... let me repeat Nook Color / Tablet / HD / HD+. The Android app works fine on the Nook Color, so its just a matter of making the bigger icon that the Nook home launcher uses, and applying to Barnes and Noble.

I'm just wondering, but can you side-load apps onto the Nook tablets like you can with the Kindle Fire?


You have to root them ("jailbreak" them in Apple terms). The "allow third party apps" setting is not available without rooting

xda-developers has developed rooting scripts for the Nook Color and Nook Tablet. There's no word whether there will be efforts to develop scripts to root the Nook HD and HD+ ~ its possible that B&N made it harder to root those (they made it harder to root the Tablet than the Color), and it depends on whether a developer with the skills to root it also has the interest.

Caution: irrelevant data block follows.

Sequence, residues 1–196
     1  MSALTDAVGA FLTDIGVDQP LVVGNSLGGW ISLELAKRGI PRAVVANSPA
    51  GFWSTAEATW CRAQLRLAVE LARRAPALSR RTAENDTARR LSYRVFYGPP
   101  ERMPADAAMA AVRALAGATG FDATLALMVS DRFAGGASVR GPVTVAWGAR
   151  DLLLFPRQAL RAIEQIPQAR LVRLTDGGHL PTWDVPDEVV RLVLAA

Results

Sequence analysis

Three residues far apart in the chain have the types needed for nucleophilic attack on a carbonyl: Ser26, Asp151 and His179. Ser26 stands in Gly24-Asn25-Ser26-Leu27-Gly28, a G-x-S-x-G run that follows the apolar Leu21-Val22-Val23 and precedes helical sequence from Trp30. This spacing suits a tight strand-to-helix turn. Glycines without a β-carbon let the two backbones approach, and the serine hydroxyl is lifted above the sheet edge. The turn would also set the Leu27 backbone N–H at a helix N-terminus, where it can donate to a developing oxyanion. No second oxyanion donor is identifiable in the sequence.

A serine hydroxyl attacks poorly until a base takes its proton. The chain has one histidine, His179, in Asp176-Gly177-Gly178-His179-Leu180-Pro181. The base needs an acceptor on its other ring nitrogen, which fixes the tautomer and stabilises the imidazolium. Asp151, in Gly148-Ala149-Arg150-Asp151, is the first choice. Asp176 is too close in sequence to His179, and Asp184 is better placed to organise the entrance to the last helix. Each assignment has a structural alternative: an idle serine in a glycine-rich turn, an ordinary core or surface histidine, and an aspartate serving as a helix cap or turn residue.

Its harder to install Google apps on the Tablet than the Color and get the Google Play store working, so the Nook Tablet root comes with the Amazon Android app store and the Getjar app store. Both have versions of the Crunchyroll app, but the Amazon version is quite old, and the Getjar version is even older (Crunchyroll does not update their secondary Android stores every six months with the most recent mature stable release).

Also, the Nook HD/HD+ are designed to be the "family" tablet with up to six individualized accounts, and sometimes Crunchyroll members won't be in a position to root the device.

The B&N tablets have always been the ones with the best screens in their class, and they maintained that with their HD line, with a 1440x900 in the 7in HD and 1920x1280 in the 9in HD+. Add the video content from the XBox Live store in their "Nook Video" store, and they've probably leapfrogged Amazon and Apple to the best video rental/own download selection.